Traffic Light II
Traffic Signal Design
TRAFFIC SIGNAL DESIGN
A traffic signal head is the visual display component of the signal system. Its constructed of individual sections that is assembled to form a signal head. A typical signal is constructed out of three sections.
The body is known as the "housing" The housing is normally made of polycarbonate plastic, with older signals constructed of aluminum. The housing contains all the optics and wiring for the signal head.
The "lens door" is installed on the front of the housing and secured to the signal with latches and wing nuts, typically. The lens door supports the "lens", which is usually made of either heavy glass or tough polycarbonate, and the "visor" which surrounds each lens protecting it from weather and the sun glare. Visors are made, usually, out of the same material as the housing.
The internal optics of the signal can vary but most notably, Incandescent or LED optics are used.
Incandescent signal assemblies utilize a metallic reflector that is mounted to an aluminum frame installed in the signal housing. A standard traffic lamp is installed in the center of the reflector, which is a medium base, clear glass, lamp, ranging from 40W to 169W depending on the lamp. In an 8 inch signal display or for pedestrian signals, 69W is common. 116W is usually common for 12 inch signals. The socket mounts to the reflector by means of a thin wire stretching across the backside of the reflector assembly. This is the "bail"
The reflector and lens, when the lens door is closed, form a sealed dust-free unit.
In an LED Signal, much of the optics are removed. An sealed LED fixture, made usually by an independent manufacturer outside the signal head manufacturer, mounts to the door in the same way a standard lens is. LED signals drop the wattage down to around 10W, last nearly forever, and don't produce any heat that would distort the lens over time. LED signals are becoming more common than incandescent with some municipalities.
The wiring from either the socket or the LED assembly from each section are met up at the signals "connection block" in one of the housings. The connection block contains screw terminals so that signal head wires can interconnect with the field wires leading to a controller cabinet.
GENERAL OVERVIEW OF TRAFFIC SIGNAL MANUFACTURING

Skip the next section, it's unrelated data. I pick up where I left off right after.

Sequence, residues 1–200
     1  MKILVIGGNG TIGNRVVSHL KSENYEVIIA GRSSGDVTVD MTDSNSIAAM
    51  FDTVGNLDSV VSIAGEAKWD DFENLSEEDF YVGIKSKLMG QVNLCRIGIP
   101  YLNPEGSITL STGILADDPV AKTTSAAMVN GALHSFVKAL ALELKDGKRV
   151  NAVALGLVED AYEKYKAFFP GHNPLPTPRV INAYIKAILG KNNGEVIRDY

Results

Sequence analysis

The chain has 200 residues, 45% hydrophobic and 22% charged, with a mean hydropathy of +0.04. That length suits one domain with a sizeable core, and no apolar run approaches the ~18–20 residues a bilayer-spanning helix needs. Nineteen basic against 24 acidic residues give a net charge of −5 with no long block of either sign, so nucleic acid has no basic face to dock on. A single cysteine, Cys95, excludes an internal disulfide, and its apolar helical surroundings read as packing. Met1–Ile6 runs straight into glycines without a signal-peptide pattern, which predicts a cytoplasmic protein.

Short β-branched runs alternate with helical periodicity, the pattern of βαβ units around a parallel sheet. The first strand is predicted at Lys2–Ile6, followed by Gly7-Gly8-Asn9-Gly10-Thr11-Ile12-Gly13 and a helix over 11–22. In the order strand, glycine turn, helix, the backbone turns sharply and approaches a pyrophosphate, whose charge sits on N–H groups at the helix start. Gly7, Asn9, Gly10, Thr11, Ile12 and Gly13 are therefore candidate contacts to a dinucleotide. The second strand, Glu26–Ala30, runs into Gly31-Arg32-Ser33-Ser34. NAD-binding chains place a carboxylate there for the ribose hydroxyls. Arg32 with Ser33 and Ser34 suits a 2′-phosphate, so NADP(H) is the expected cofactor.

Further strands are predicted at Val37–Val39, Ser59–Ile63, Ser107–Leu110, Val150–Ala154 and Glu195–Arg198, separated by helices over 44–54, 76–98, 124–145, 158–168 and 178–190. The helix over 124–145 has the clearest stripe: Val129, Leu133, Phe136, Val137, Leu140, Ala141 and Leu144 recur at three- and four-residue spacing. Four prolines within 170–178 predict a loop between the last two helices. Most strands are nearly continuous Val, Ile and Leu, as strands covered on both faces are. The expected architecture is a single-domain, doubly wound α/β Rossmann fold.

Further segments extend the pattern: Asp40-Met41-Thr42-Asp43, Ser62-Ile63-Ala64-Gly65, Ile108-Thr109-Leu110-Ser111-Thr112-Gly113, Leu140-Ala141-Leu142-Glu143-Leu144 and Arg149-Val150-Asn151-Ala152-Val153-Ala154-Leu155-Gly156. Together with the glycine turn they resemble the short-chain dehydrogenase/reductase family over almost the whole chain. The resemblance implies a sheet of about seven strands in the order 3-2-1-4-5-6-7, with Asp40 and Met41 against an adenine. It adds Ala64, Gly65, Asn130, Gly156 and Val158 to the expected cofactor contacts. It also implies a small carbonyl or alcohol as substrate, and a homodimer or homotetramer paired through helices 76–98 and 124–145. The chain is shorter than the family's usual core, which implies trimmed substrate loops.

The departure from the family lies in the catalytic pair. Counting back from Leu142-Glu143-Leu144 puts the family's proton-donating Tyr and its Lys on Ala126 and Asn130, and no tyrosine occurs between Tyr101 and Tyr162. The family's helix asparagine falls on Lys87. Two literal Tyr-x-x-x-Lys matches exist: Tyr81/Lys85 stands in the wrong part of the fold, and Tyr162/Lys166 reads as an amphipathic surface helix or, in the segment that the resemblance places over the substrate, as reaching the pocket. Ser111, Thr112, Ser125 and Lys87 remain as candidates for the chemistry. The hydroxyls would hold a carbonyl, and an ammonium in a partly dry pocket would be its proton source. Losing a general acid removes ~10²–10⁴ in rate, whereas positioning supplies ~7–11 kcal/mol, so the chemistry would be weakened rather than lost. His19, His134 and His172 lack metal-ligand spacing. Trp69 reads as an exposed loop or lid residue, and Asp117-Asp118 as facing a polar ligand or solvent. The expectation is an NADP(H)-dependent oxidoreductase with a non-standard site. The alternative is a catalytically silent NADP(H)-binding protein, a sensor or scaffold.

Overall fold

Traffic signals are usually manufactured using the same, or similar process. The only difference is the materials being used.
With aluminum signals, molten aluminum is poured into a die cast machine. The machine rams the molten metal with a hydraulic arm into a two halve mold that closes tightly. When the part is hardened and cooled enough it is ejected. The aluminum housing usually has alot of excess metal on it. The part is trimmed using either a stamping die or by hand.
Visors are rolled to their shape out of pre-cut aluminum sheets. All aluminum parts are washed prior to being powdercoated.
All external aluminum parts are powdercoated, a process of baking paint onto the metal in an industrial oven. Reflectors are spun from aluminum
The signal head itself is normally assembled by hand.
Polycarbonate signals are made similarly, but use an injection molding machine for the manufacture of the door, housing, visor, or lens parts. Plastic pellets are melted down in an injection machine. A screw then turns forcing the melted plastic into the mold. When the part cools it ejects and the sprues are trimmed off. Noticable marks from the screw injector on polycarbonate parts are on the back center of each section, and on the front center of most poly lenses.
TRAFFIC SIGNAL INSTALLATIONS
Traffic signal heads are installed in many different fashions. The three main installation practices, generally, are mast arms, span wire, or pedestal mount.
Mast arm signals involve a horizontal pipe suspended across the roadway, with either one or, less common, two, support poles. The signal heads are then rigidly attached to the pipe, although some older models tend to be suspended from them. Mast arms provide a more sleek look but also cost substantially more to install.
Span wires are arguably the most common installation of traffic signals. Signal heads are suspended from a metal wire using a hanger assembly and clamp. Electical wiring is then tightly strapped to the metal wire that the signals hang from.
Pedestal signals were used for vehicle signals long ago, but mostly are used nowadays for pedestrian signals. Pedestals are short, thin poles, usually only about 8 feet tall. A signal head, or group of two or more heads are fastened to a slip fitter that is installed on the top of the pedestal.